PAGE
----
Distributed source coding for sensor networks
 In IEEE Signal Processing Magazine
, 2004
"... n recent years, sensor research has been undergoing a quiet revolution, promising to have a significant impact throughout society that could quite possibly dwarf previous milestones in the information revolution. MIT Technology Review ranked wireless sensor networks that consist of many tiny, low ..."
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Cited by 224 (4 self)
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n recent years, sensor research has been undergoing a quiet revolution, promising to have a significant impact throughout society that could quite possibly dwarf previous milestones in the information revolution. MIT Technology Review ranked wireless sensor networks that consist of many tiny, lowpower and cheap wireless sensors as the number one emerging technology. Unlike PCs or the Internet, which are designed to support all types of applications, sensor networks are usually mission driven and application specific (be it detection of biological agents and toxic chemicals; environmental measurement of temperature, pressure and vibration; or realtime area video surveillance). Thus they must operate under a set of unique constraints and requirements. For example, in contrast to many other wireless devices (e.g., cellular phones, PDAs, and laptops), in which energy can be recharged from time to time, the energy provisioned for a wireless sensor node is not expected to be renewed throughout its mission. The limited amount of energy available to wireless sensors has a significant impact on all aspects of a wireless sensor network, from the amount of information that the node can process, to the volume of wireless communication it can carry across large distances. Realizing the great promise of sensor networks requires more than a mere advance in individual technologies; it relies on many components working together in an efficient, unattended, comprehensible, and trustworthy manner. One of the enabling technologies for sensor networks is distributed source coding (DSC), which refers to the compression of multiple correlated sensor outputs [1]–[4] that do not communicate with each other (hence distributed coding). These sensors send their compressed outputs to a central point [e.g., the base station (BS)] for joint decoding. I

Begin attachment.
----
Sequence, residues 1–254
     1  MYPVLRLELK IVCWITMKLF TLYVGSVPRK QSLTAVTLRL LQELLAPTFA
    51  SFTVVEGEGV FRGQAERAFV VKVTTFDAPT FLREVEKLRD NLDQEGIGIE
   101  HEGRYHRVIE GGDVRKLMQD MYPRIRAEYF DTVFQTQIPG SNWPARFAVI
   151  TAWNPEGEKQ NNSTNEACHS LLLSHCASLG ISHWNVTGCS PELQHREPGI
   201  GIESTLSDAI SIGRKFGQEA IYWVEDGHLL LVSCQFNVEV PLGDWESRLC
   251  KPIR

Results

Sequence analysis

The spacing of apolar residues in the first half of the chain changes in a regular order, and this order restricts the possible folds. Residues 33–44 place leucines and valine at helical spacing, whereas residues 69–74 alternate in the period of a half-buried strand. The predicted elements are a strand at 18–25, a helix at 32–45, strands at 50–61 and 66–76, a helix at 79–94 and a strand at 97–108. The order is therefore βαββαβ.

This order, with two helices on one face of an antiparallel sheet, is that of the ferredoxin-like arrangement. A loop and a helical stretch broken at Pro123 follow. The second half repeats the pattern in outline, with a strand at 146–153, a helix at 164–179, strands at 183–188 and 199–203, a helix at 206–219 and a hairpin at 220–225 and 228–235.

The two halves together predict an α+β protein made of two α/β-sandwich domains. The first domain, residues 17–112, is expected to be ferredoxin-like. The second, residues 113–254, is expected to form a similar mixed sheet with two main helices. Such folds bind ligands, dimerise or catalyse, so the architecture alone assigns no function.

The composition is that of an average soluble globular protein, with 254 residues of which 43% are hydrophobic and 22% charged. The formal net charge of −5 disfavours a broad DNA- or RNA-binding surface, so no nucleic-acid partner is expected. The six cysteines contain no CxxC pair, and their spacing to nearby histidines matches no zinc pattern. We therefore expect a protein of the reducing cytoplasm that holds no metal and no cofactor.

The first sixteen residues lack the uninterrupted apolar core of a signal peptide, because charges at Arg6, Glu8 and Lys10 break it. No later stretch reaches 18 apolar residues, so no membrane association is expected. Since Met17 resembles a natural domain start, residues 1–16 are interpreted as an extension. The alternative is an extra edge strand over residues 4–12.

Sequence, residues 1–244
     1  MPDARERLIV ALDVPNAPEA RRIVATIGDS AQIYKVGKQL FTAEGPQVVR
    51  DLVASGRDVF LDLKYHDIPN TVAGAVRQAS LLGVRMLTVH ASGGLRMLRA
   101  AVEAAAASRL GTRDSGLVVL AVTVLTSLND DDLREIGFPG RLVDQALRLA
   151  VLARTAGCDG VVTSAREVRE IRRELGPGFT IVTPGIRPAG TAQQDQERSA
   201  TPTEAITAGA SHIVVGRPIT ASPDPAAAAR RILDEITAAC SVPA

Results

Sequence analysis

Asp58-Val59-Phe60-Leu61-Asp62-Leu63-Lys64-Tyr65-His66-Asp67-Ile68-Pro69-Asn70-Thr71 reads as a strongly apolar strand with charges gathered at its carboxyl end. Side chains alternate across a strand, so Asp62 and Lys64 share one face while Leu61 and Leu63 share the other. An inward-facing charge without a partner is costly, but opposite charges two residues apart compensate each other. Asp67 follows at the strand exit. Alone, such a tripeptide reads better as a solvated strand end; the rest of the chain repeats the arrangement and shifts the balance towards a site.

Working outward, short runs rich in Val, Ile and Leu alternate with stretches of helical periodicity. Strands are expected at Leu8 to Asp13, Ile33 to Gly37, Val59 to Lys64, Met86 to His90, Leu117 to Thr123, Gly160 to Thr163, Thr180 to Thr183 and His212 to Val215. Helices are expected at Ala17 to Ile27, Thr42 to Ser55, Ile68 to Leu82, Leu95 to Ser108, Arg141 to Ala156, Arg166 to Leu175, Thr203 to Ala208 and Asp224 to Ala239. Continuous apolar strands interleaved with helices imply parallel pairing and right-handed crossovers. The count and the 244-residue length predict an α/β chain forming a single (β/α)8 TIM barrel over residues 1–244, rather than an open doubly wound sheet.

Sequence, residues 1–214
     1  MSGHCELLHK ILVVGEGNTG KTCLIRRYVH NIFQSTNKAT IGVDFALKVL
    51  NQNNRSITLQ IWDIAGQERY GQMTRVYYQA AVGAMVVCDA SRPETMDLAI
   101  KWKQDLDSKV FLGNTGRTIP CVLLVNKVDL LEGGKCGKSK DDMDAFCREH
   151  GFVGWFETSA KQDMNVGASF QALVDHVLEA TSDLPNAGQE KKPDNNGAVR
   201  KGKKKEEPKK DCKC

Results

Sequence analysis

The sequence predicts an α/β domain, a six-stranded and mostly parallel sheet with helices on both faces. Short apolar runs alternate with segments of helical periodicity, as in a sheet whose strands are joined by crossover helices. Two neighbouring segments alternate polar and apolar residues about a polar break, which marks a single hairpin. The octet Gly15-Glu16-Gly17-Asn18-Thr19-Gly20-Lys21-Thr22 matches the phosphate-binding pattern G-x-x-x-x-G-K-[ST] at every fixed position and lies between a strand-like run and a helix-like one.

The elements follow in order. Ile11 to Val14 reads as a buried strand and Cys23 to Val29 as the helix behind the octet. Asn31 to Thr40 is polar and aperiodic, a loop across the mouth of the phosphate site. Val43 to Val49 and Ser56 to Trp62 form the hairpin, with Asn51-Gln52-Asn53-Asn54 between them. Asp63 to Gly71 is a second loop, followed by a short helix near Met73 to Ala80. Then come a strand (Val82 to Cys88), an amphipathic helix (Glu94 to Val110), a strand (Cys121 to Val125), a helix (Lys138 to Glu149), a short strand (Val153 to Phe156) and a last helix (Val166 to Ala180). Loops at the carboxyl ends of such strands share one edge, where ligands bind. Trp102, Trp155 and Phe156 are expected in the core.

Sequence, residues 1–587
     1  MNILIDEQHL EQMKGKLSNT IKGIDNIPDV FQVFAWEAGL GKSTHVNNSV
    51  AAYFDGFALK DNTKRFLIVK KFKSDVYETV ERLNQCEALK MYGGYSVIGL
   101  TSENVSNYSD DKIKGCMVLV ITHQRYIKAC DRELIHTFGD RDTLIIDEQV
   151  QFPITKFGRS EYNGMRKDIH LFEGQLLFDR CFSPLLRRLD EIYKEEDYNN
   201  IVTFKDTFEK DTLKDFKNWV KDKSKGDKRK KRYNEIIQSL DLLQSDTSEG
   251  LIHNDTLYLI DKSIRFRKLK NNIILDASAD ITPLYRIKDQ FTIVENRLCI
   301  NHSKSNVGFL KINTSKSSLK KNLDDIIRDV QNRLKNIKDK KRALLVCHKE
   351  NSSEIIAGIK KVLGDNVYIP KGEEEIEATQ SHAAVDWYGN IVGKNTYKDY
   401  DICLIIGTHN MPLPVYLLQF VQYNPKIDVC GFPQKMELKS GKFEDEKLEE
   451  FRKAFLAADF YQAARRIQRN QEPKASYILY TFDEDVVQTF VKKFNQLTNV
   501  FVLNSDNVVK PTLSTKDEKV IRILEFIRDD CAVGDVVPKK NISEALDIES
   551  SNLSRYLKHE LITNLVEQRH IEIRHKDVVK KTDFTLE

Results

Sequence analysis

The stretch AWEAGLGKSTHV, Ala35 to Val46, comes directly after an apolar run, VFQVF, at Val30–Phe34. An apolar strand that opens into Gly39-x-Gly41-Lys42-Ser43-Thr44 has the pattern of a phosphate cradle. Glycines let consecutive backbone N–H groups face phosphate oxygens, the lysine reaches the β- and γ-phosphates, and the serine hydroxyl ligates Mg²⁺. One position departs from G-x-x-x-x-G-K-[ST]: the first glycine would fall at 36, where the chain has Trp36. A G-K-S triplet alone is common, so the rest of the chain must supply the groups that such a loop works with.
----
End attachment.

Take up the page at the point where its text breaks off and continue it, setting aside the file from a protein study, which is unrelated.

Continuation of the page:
Reliable Communication Under Channel Uncertainty
 IEEE TRANS. INFORM. THEORY
, 1998
"... In many communication situations, the transmitter and the receiver must be designed without a complete knowledge of the probability law governing the channel over which transmission takes place. Various models for such channels and their corresponding capacities are surveyed. Special emphasis is pla ..."
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Cited by 176 (5 self)
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In many communication situations, the transmitter and the receiver must be designed without a complete knowledge of the probability law governing the channel over which transmission takes place. Various models for such channels and their corresponding capacities are surveyed. Special emphasis is placed on the encoders and decoders which enable reliable communication over these channels.